Batch cook a few meals you can portion out and keep in the freezer for busier periods, such as during exams.
Chop your veggies and meats for the week and keep them in sealed containers in the fridge so you can mix and match to avoid getting tired of eating the same meal.
Shop at your local produce stand or discount grocery store to avoid paying higher supermarket prices.
Keep inexpensive staples like dried lentils, canned beans and frozen veggies on hand.
Invest in durable containers. There are glass and stainless steel options available if you want to avoid plastic. You can also re-use take-away containers, or choose BPA-free plastic.
Aside from the time and money saving benefits, meal prepping is a great way to always have healthy meals and snacks ready to go.
Take advantage of student discounts and rewards
Being a uni student has its perks when it comes to the discounts and deals you can access with your student ID or university email address. You can score discounts on everything from clothes and meals, to electronics, travel, entertainment and transport.
Discount and reward sites such as UniDays, StudentVIP and Student Edge can help you save while you’re studying. Check with your software providers to see if they offer any student discounts; Microsoft and Adobe are two companies that offer discounts on their subscription-based products for students.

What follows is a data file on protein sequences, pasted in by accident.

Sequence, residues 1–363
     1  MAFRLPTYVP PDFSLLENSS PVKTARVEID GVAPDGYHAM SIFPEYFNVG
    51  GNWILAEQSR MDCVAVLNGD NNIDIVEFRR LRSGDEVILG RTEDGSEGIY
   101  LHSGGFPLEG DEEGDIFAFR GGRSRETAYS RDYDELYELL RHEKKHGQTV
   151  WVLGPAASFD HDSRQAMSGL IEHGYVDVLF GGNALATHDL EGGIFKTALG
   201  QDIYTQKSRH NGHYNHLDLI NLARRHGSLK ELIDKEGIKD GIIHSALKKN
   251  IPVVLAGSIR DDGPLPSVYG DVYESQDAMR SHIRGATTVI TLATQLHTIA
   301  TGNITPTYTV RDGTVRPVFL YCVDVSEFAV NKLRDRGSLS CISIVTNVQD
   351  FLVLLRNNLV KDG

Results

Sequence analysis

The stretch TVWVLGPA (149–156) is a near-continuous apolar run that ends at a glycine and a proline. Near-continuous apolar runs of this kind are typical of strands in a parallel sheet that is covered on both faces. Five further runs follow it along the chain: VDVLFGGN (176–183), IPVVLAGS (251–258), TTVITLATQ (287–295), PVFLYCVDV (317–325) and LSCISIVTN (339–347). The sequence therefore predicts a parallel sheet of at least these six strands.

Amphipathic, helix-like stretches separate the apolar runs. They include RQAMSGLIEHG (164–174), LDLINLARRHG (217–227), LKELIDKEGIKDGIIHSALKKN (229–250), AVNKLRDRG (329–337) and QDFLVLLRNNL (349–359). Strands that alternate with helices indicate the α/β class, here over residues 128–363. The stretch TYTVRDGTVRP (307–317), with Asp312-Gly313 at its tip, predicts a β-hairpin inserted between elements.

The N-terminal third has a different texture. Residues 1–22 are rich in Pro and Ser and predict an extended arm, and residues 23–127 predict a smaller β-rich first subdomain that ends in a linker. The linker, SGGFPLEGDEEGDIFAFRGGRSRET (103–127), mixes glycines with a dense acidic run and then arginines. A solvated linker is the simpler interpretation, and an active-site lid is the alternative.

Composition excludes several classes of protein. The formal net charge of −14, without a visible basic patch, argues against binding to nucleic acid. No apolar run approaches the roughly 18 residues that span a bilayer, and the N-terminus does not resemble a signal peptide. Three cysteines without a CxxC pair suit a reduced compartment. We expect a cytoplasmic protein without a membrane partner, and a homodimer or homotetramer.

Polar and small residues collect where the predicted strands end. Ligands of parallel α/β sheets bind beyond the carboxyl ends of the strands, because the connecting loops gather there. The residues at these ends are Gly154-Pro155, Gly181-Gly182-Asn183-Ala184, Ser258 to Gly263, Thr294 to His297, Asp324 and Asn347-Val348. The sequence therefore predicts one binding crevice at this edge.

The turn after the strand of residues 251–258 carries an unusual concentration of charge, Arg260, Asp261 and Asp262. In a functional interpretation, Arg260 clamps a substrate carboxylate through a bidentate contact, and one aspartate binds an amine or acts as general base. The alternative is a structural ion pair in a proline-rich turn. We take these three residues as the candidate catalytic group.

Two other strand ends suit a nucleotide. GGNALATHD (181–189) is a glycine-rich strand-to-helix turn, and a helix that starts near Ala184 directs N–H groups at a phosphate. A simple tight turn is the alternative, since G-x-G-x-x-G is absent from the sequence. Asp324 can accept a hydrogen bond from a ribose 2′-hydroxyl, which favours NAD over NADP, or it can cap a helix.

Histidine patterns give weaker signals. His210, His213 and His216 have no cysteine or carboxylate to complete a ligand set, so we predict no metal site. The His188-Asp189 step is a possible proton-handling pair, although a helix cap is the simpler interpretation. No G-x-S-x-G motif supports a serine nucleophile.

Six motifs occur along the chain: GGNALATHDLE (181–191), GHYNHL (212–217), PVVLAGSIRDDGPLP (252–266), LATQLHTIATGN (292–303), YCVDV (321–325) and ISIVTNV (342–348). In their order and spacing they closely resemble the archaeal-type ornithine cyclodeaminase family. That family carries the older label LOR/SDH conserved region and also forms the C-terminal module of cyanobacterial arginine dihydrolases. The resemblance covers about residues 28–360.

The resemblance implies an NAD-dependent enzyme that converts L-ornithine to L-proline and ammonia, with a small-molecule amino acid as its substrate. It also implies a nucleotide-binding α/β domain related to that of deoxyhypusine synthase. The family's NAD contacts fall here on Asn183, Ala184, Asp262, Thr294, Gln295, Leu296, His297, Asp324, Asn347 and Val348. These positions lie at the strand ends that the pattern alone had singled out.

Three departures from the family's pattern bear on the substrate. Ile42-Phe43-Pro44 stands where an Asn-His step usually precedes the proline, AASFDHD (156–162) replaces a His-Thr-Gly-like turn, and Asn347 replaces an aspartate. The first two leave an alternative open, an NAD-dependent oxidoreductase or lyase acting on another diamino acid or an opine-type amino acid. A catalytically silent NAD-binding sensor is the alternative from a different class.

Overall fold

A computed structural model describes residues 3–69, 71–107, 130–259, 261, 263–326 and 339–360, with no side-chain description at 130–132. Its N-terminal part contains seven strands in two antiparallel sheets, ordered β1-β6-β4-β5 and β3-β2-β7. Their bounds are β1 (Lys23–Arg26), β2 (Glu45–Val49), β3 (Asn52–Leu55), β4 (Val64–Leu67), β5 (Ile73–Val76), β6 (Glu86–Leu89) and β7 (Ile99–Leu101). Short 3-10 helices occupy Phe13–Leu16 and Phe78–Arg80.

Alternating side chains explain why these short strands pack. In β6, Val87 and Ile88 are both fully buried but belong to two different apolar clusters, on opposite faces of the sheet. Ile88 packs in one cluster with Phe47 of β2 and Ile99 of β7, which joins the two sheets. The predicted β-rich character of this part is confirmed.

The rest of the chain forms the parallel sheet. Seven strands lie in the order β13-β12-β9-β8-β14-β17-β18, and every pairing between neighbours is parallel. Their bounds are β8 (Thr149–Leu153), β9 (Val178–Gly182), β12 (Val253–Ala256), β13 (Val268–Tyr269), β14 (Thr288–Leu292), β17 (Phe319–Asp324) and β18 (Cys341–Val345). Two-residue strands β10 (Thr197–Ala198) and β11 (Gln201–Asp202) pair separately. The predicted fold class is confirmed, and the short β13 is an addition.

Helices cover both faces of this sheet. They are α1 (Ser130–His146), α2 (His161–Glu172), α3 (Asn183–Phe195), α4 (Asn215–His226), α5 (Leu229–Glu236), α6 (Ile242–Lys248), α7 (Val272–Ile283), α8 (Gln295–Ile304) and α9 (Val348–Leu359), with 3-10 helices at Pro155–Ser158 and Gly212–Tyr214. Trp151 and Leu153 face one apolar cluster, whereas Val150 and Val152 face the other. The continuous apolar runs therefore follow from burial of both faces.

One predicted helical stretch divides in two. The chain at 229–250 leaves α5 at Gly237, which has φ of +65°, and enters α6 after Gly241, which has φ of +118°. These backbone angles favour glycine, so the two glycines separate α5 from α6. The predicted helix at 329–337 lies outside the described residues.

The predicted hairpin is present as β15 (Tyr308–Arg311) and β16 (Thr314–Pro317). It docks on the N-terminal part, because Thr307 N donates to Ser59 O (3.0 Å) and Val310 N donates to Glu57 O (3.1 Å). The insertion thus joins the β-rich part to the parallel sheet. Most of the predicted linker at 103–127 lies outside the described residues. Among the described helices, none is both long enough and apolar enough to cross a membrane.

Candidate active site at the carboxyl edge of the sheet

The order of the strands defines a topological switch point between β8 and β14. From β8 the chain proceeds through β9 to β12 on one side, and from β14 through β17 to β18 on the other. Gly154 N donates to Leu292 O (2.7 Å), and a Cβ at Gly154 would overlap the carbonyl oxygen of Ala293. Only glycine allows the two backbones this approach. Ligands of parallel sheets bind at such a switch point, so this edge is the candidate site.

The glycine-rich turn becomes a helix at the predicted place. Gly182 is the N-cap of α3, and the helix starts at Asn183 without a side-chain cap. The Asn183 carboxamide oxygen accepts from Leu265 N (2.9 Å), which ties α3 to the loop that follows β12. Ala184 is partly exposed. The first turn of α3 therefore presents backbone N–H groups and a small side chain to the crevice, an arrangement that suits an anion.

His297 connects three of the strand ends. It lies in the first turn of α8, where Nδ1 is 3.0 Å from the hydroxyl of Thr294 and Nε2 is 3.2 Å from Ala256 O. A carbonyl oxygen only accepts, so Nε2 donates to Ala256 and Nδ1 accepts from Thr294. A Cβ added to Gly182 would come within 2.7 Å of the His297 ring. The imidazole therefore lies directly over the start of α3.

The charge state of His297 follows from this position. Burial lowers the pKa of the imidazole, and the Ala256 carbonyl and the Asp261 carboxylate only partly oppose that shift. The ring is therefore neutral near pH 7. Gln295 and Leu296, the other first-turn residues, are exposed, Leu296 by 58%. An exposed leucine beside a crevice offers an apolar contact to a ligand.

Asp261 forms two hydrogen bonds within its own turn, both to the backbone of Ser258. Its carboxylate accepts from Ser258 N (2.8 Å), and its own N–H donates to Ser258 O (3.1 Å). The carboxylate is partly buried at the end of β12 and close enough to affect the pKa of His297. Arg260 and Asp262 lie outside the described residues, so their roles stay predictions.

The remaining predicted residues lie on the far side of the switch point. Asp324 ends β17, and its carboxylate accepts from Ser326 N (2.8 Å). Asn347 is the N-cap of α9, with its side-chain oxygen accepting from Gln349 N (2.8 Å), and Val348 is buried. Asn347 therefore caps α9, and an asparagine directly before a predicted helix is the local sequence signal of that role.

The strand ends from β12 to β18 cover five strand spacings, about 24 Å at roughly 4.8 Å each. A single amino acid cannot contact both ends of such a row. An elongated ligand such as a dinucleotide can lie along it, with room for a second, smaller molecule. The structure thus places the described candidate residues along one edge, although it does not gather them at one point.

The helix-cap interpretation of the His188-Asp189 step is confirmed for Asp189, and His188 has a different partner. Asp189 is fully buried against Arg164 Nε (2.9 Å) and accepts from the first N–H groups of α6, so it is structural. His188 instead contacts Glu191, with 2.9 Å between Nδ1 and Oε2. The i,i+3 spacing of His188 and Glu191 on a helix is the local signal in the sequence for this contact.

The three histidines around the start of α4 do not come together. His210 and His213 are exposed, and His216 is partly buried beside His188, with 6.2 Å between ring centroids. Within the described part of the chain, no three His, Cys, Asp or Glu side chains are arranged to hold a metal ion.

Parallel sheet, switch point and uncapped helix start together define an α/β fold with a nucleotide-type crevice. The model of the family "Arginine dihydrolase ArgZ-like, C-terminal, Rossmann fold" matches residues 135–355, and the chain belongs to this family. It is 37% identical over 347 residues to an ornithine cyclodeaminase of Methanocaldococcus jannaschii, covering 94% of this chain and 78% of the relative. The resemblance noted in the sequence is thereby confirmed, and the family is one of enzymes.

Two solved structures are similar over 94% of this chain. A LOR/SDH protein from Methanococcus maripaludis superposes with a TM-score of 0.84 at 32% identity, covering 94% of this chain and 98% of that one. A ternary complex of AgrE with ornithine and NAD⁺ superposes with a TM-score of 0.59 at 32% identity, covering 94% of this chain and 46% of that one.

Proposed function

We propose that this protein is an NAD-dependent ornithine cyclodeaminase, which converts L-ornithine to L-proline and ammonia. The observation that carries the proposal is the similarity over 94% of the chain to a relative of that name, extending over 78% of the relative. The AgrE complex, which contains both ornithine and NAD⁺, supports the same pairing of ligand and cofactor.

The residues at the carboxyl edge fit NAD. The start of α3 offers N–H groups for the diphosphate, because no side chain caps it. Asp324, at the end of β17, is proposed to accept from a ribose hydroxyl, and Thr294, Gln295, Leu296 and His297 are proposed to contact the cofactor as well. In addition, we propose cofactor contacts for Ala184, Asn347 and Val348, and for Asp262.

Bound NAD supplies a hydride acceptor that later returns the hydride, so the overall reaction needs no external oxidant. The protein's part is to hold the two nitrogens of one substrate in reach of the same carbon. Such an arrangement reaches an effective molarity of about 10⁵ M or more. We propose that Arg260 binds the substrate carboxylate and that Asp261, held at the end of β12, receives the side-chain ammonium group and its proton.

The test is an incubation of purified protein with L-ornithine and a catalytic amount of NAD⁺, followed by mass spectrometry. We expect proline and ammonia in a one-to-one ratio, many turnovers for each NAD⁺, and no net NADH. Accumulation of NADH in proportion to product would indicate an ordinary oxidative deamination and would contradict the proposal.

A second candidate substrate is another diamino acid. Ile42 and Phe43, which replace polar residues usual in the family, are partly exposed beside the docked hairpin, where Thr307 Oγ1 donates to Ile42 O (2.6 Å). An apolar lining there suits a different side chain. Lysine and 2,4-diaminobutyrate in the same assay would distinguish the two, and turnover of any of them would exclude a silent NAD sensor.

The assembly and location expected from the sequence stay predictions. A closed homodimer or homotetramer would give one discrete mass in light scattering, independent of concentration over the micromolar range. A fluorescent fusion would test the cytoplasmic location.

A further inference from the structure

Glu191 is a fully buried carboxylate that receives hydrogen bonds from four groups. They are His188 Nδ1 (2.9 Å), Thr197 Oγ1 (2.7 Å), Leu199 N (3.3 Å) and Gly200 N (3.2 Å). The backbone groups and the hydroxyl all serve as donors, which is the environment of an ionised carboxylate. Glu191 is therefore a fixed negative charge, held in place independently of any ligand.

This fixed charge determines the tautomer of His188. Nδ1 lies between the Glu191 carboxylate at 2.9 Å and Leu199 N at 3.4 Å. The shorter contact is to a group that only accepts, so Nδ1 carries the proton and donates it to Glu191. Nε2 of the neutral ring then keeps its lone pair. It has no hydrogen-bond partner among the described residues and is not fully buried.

Check with the cafes, pubs, restaurants and other retailers around your university. They might offer a weekly meal deal for students or do a percentage discount across the board.
Get a little extra back at tax time – tips which may be able to help
Maximizing your deductions is a good way to get a bigger refund at tax time. Depending on your situation, you may be able to claim the costs of certain self-education and travel expenses.
According to the Australian Tax Office (ATO), if you work and study, and your current job has a sufficient connection to your studies, certain expenses may qualify as a work-related tax deduction. For example, if you’re studying a marketing degree and work part-time at a marketing agency, you may be able to claim self-education expenses such as textbooks, stationary, student union fees and allowable travel expenses.
Allowable travel expenses include where your course requires you to be away from home for one or more nights. You may also be able to claim travel expenses from your home to your place of education and back and your work to your place of education and back.
The ATO has extensive information on what you can claim available on their website, including all of the eligibility criteria. If you’re unsure about anything, speak with an accountant or registered tax agent who will be able to give advice based on your situation.
Whatever you claim, make sure you have records to back it up. The ATO myDeductions app lets you record your claimable expenses and save photos of your receipts. The app connects directly with your MyGov account and will pre-fill your tax return at tax time.
The most important thing to remember is your budget should work for you. Set a regular review period, maybe at the end of each semester to review it against your goals and income and adjust as you need to.